By Barbara Falconer Newhall
I don’t like the snapdragons growing in my front yard. Their color, somewhere between scarlet and maroon, gets on my nerves. I don’t like scarlet. I like maroon even less.
The snapdragons are innocent. They are doing what they are supposed to do. They’re sending down roots, sucking up water, opening up blossoms. If I rip them out of the ground in full bloom am I an assassin? They may be ugly, but they are alive.
When I spotted the six-packs of baby snapdragons at the nursery, all I could see were a few creamy buds. And something pinkish. They looked good to me. But now they are taking over my garden.
My mother, who turned 92 on Wednesday, has shelves and tables of potted plants growing with fervor out on her patio. One plant, philodendron, is not doing so well. It has only a few leaves, most of them dead or yellowing.
“Do I throw it out?” she asks. “It doesn’t look very good.”
I think of my snapdragons. And my cypress tree. And my mother, for that matter. She doesn’t look very good.
When Peter was little, we found out he was allergic to cypress. “Hmm,” I said to the pediatrician. “We have a cypress tree growing in our back yard a few feet from the house – and Peter’s bedroom.”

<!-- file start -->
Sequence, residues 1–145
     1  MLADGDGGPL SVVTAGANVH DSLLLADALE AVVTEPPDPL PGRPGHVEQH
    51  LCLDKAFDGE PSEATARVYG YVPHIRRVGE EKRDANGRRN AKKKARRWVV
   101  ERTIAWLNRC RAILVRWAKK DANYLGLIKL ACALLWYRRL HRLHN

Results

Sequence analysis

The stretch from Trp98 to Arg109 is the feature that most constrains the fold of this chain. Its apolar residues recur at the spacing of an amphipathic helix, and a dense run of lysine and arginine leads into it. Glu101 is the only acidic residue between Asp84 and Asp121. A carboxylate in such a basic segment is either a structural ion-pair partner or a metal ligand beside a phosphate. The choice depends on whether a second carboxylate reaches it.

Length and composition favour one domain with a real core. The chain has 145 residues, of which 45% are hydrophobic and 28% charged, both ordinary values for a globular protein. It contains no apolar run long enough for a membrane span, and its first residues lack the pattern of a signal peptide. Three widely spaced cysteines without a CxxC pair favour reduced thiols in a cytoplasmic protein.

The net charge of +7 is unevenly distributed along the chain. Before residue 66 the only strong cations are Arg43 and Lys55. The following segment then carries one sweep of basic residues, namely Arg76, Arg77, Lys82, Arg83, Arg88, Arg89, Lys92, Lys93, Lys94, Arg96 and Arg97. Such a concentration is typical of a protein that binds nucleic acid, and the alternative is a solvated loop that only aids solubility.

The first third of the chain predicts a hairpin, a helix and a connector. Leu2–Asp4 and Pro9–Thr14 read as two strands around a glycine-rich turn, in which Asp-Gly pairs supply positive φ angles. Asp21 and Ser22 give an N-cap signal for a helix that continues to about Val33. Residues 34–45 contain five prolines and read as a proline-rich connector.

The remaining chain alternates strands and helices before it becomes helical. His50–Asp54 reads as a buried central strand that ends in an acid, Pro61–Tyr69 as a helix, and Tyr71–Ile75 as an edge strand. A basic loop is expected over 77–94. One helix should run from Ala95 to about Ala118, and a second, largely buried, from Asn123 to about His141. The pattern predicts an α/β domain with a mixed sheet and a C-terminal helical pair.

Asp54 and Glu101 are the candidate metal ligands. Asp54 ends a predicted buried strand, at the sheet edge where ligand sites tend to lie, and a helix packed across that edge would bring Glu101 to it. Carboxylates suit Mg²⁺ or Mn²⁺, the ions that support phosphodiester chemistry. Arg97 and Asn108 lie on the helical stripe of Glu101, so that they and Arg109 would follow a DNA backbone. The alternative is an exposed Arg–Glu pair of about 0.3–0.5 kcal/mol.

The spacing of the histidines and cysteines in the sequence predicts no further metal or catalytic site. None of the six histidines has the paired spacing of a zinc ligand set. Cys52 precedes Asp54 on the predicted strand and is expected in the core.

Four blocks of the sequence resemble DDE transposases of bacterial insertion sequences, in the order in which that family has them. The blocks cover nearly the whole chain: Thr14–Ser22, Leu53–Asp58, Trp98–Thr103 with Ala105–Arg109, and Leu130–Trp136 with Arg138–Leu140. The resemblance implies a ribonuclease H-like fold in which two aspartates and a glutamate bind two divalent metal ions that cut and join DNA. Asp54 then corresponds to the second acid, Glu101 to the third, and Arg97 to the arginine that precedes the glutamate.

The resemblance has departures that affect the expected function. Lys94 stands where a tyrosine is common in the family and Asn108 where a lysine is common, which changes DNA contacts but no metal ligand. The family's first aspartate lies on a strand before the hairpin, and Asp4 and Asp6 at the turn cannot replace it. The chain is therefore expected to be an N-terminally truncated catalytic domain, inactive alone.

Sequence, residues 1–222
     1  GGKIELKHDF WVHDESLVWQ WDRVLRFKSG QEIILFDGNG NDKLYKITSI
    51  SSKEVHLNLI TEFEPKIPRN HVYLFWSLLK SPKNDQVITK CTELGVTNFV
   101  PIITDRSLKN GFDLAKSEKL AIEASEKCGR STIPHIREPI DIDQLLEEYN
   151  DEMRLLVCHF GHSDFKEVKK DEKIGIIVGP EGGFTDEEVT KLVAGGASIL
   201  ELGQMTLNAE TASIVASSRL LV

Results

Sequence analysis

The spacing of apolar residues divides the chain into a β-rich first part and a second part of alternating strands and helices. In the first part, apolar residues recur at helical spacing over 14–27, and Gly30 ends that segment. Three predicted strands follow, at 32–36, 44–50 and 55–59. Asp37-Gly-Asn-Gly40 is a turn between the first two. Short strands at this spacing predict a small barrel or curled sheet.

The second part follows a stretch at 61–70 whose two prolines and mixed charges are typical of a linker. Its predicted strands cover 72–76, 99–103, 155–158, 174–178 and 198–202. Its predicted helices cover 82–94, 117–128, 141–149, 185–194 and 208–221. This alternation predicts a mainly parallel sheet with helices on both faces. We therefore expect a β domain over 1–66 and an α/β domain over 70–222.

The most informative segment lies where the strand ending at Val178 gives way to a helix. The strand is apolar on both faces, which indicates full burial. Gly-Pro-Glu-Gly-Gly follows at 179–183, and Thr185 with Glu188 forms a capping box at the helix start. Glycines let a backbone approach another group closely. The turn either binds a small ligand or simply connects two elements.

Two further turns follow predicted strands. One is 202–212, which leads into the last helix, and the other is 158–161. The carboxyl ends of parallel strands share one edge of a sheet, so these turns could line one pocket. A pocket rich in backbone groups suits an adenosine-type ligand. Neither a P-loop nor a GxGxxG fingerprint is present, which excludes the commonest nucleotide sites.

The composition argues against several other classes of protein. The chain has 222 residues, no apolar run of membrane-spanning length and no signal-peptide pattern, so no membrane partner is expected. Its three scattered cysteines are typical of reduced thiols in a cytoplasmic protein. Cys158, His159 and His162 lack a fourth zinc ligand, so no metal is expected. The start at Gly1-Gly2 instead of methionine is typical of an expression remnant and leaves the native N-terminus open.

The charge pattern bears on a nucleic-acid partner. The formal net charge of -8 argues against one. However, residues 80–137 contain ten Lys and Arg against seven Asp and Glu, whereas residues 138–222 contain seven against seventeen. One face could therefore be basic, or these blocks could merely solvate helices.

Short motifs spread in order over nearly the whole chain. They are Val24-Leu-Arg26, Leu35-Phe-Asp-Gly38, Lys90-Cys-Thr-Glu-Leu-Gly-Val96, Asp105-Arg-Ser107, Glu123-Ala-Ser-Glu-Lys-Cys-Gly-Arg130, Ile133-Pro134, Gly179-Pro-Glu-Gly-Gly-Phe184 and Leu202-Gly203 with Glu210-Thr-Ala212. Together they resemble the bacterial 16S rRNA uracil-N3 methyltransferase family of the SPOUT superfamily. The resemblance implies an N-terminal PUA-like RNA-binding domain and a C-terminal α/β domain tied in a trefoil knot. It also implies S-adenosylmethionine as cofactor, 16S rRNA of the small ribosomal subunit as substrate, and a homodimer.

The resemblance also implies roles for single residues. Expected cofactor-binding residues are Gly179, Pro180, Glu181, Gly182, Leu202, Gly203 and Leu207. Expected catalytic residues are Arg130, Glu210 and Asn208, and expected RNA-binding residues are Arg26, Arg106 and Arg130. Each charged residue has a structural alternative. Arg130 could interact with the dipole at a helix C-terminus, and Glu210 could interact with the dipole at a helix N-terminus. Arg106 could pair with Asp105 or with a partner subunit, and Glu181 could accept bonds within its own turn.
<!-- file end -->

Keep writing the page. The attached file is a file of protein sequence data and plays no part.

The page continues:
“Cut it down,” the doctor said.
Jon and I conferred. Our cypress was massive — five stories tall — and older than both of us put together. It was a magnificent tree, timeless, a steady presence at our house. Its branches had grown over and around our deck, so that you could go out there at any time, day or night, stand inside that tree and forget where you were in time and space.
No way were Jon and I going to get rid of that cypress tree. Peter would have to take antihistamines. Or grow out of his allergies. We’d move to another house.
Peter outgrew the allergies. The cypress tree, as stately and self-sufficient as ever, lives on.
But the awful snapdragons? The scraggly, deadish philodendron in the pot on my mother’s patio? They’ve got to go. Somehow.
Photos by BF Newhall
Find out what happened to the snapdragons.